Both fountains, as you probably surmised, are by the athletic fields on the eastern edge of the college campus: "As far as the water fountain locations are concerned, I believe you found the one that was out in the area we use to refer to as the intramural fields. The other one is between the tennis courts and the Stauffer baseball field (maybe near the physical plant between the two)."
I then asked Granoff what he had been up to over the years, and he told me this:
Several readers thought it was a promotion for a pizza parlor in Memphis, and suggested Pasquale's, Shakey's, Coletta's, and others. I didn't think that was right.
Then other readers — among them peterwertz, bp1952, and pwgriffith (hmmm, something tells me that is NOT their real names) — thought it came from the old Tony's Pizza on Central, a building now occupied by Central Barbecue.
I wasn't able to prove, or disprove, their theories. Until now. Looking through some old newspapers yesterday, as I seem to do Monday through Friday, and most Saturdays and Sundays, I noticed a 1968 ad for Tony's Pizza, shown below. You'll have to click on it to enlarge it, but I think you'll agree that there is a definite resemblance. The fiberglass guy wears eyeglasses, while the Tony's guy doesn't, but the chef's hat and the moustache are pretty similar, and the real giveaway, if you ask me, are the checkered pants.
So, I think the little fellow came from Tony's. What do YOU think?
You could go to 741 S. Cox and knock on the door of Mr. Johnstone and apply for work driving a truck for Ice Cream Circus — a company I no longer remember.
Or — a better option, if you ask me — you could pay a visit to 3065 Broad and apply for a coveted position as a Merrymobile driver. Not only would you be driving a real, honest-to-goodness Merrymobile around the streets of Memphis, but look, you could earn more than $100 a week.
I'd go for the Merrymobile job. Just think of all the stories you could tell your kids. And what an ice-breaker at parties: "I remember that time I was a Merrymobile driver ..." Not many people can say THAT.
Street cars for sale! These were the old electrified buses, which had a complicated apparatus on top that made contact with high-voltage lines and just rained down sparks whenever the buses crossed an intersection. For some reason I was terrified of them as a child — probably because I wasn't allowed out much, and since the mansion lacked electricity, I wasn't used to seeing it in action.
Anyway, just look at the business potential you had here. Why, just pick up one of these things — with tires or without — and you've got yourself a roomy fishing cabin, sleeping quarters (my, wouldn't THAT be lovely!), field offices, storage facility, tool room, and even a food stand. The sky was really the limit.
I don't know how many of these ratty old things this company sold, but I sure don't remember seeing any of them parked around town, serving as "sleeping quarters" or "food stands."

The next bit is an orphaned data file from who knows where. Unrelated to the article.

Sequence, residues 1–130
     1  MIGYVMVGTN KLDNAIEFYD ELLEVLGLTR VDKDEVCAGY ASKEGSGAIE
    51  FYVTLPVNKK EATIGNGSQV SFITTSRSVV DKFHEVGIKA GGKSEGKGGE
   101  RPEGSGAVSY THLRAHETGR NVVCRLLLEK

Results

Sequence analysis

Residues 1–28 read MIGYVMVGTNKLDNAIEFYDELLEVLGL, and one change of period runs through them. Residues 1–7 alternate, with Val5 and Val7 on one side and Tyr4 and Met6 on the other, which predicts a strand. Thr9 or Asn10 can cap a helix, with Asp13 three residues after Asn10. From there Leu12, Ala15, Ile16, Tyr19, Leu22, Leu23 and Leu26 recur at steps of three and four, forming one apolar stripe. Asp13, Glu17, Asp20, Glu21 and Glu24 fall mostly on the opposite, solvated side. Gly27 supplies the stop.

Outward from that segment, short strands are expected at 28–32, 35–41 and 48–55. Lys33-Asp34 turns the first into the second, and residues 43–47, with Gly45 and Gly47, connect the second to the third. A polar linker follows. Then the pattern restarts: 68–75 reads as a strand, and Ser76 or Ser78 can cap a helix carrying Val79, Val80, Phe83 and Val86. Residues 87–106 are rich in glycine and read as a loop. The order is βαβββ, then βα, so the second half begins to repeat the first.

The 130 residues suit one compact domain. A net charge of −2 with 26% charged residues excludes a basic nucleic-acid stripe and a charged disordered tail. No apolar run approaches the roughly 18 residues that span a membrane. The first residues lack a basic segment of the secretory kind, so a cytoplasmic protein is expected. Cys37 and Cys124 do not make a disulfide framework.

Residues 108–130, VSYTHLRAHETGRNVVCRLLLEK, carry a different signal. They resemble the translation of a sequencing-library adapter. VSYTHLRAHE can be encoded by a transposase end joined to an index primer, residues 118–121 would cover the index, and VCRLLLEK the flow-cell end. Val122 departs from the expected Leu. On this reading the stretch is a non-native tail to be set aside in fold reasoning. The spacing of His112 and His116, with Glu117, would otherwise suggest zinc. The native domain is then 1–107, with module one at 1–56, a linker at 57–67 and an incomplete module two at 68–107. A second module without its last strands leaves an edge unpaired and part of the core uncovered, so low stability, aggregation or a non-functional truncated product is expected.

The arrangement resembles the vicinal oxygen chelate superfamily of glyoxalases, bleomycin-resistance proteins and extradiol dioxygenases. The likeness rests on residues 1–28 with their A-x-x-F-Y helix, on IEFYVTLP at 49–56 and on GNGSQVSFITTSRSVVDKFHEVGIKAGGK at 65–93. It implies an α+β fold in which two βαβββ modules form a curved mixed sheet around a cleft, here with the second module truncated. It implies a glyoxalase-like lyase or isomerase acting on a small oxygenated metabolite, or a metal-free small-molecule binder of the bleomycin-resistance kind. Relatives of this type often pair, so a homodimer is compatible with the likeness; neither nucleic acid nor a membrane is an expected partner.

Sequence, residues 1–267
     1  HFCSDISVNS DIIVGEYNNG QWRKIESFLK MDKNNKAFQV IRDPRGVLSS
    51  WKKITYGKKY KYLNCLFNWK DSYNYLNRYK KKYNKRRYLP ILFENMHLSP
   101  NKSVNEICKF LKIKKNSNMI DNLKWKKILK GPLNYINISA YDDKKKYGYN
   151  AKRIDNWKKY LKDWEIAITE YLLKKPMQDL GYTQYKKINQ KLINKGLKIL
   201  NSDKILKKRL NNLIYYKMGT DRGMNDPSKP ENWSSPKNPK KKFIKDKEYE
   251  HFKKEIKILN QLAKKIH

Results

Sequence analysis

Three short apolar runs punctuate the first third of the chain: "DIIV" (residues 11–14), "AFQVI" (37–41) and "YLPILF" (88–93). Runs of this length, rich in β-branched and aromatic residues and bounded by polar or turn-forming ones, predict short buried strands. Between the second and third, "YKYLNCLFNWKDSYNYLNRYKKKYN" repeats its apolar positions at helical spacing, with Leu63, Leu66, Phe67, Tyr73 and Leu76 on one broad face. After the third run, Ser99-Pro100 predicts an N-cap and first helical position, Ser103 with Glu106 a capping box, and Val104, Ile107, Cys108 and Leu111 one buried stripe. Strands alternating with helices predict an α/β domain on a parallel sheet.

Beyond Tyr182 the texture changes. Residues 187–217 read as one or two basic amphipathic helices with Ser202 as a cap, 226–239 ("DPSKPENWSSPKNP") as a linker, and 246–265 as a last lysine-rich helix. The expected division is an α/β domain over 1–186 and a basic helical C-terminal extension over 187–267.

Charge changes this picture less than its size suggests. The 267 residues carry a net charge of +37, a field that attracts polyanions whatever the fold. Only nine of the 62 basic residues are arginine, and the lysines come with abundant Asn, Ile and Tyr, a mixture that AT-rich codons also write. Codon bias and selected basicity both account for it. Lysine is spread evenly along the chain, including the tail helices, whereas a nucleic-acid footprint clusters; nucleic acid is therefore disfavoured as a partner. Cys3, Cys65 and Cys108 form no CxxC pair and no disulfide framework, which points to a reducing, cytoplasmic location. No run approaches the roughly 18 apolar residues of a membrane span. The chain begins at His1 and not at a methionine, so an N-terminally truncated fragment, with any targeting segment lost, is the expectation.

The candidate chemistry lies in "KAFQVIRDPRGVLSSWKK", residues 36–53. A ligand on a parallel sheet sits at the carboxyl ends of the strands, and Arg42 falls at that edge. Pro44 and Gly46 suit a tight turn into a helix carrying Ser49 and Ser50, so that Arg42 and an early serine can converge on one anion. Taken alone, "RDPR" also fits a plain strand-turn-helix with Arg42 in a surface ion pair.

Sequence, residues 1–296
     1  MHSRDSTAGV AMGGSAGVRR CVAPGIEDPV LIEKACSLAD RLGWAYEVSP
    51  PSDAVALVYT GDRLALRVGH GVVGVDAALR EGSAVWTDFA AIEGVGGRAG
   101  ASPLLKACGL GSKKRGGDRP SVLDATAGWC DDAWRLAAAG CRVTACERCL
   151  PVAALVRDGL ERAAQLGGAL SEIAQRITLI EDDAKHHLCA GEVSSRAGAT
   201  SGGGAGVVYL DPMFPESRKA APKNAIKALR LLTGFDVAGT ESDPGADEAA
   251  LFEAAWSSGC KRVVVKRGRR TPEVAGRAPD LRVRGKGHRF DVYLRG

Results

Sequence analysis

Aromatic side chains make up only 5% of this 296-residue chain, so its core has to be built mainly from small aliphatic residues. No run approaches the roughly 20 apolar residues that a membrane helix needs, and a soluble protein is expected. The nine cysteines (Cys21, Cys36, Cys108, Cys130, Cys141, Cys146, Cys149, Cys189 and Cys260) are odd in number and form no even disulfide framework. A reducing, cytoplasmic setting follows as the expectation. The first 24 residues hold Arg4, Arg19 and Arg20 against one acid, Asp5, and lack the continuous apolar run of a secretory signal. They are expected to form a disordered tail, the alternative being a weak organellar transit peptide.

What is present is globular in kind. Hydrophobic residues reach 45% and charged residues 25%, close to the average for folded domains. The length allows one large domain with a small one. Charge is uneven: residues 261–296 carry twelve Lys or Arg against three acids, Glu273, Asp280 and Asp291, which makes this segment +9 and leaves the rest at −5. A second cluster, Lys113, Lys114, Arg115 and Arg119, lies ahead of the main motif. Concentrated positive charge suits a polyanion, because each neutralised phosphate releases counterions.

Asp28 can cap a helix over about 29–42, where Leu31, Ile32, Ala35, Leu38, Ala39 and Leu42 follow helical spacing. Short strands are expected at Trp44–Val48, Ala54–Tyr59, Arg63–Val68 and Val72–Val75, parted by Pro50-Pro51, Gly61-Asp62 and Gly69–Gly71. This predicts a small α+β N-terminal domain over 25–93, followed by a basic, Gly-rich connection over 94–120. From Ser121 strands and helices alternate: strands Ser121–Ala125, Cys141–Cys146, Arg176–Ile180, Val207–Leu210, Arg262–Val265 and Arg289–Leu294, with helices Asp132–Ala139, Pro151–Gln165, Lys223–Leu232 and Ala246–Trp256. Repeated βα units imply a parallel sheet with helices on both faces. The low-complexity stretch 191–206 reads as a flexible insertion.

I'm just glad Father didn't see this ad, or that might have been my bedroom. Yikes.
In the late 1930s, he came up with the world's first fully-automated grocery stores. No carts or baskets, no lugging heavy groceries around the store. You just carried a "key" and picked out your items, which were then whisked by conveyor belts, bagged and tabulated, to the front of the store.
He called the new stores "KEEDOOZLE" and you can learn the whole amazing story by watching the July episode of WKNO's "Southern Routes." The show airs Thursday, July 9, at 8 pm, and repeats Saturday, July 10 at 2:30 pm, and again on Sunday, July 12, at 12 noon. For all you folks with more channels than I have, it also airs on WKNO-2 on Saturday, July 10, at 9 pm.
It's a truly fascinating Memphis business story. That episode also includes a nice feature on my pal Tad Pierson, owner and operator of the American Dream Safari, and a piece on a local piano prodigy (the kid's only 6 years old). Don't miss it, or you will hurt my feelings.
PHOTO COURTESY MEMPHIS ROOM, BENJAMIN HOOKS CENTRAL LIBRARY.
And sometimes those days seem pretty strange. Case in point: In December 1941, Goldsmith's (describing itself as "Memphis' Greatest Christmas Store") had apparently advertised some "interwoven" socks for sale. You could pay 39 cents for a pair, or get three pair for a buck. Seems reasonable, no?
But wait — that was WRONG. The following day, the store ran this correction, saying, "We are sorry — this was an error."
Oh my gosh. What horrible mistake did they — COULD they — have made in a simple ad for SOCKS?
Why, they got the price wrong, and were losing almost 10 cents on every sale! Just look. The correct price should have been three pairs for ... $1.10.
Boy, I guess they must have planned on selling lots of these socks to pay for the cost of running the correction.
Nevertheless, if you squint and scrutinize the ad carefully, you'll see something that surprised me. Namely, was Jack Pirtle allowed to call itself "KENTUCKY FRIED CHICKEN"? Apparently so, because even though it's hard to tell, there's Colonel Harlan Sanders' big head on the left-hand edge of the sign, and the sign itself and the yearbook ad say it.
But what's a real shame about this ad is that it doesn't show the sign more clearly, because let me tell you, folks, this was one of the Grade A, First-Class, and Most Fantastic neon signs in the history of Memphis. And, yes, that's really saying something, but let me describe the action, which used to mesmerize me as a child:
Neon chickens, their wings flapping wildly, scamper along the top of the billboard. As they reach the left side, they spring onto a diving board, and then leap happily into a BOILING BUCKET OF GREASE. In a matter of seconds, drumsticks — NEON drumsticks — poke their legs out of the bucket. Yum!
The sign, of course, doesn't bother to explain what happens to all the guts and brains and beaks and claws, but gosh it sure made chicken-cooking look fun! And the chickens didn't seem to mind one bit!
There's still a Jack Pirtle at this location, but the great sign was pulled down in the 1980s (maybe sooner — I can't exactly recall). What a shame.